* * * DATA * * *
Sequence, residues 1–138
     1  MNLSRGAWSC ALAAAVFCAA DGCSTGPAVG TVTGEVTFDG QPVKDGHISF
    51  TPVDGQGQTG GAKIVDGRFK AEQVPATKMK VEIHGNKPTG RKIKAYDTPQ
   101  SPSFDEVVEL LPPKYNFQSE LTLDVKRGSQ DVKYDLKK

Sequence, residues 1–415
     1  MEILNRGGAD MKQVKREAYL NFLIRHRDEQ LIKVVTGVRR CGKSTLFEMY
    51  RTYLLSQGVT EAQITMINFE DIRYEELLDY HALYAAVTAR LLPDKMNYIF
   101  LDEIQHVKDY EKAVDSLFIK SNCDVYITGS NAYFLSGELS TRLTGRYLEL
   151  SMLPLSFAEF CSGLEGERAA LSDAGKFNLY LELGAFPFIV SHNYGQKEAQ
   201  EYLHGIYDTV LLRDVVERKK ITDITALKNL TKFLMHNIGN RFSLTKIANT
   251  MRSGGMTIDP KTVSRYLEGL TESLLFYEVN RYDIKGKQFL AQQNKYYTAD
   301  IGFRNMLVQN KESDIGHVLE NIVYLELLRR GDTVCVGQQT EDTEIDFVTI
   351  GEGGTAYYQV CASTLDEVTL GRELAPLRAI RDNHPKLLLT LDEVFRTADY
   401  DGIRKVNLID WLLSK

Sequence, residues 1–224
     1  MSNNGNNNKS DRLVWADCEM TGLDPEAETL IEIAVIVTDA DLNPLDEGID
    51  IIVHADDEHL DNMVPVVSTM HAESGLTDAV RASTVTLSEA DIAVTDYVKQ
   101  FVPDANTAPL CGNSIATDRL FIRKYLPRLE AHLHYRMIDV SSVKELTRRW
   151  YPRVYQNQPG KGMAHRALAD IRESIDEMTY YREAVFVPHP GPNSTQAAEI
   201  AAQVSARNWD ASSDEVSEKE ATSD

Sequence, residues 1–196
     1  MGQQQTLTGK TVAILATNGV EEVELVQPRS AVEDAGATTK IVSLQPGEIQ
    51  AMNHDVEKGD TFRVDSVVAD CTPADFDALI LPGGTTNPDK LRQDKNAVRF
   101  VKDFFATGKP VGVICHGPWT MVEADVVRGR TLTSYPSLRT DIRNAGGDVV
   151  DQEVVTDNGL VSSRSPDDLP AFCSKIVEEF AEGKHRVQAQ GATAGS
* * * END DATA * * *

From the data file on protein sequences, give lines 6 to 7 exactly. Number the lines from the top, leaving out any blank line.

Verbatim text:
     1  MEILNRGGAD MKQVKREAYL NFLIRHRDEQ LIKVVTGVRR CGKSTLFEMY
    51  RTYLLSQGVT EAQITMINFE DIRYEELLDY HALYAAVTAR LLPDKMNYIF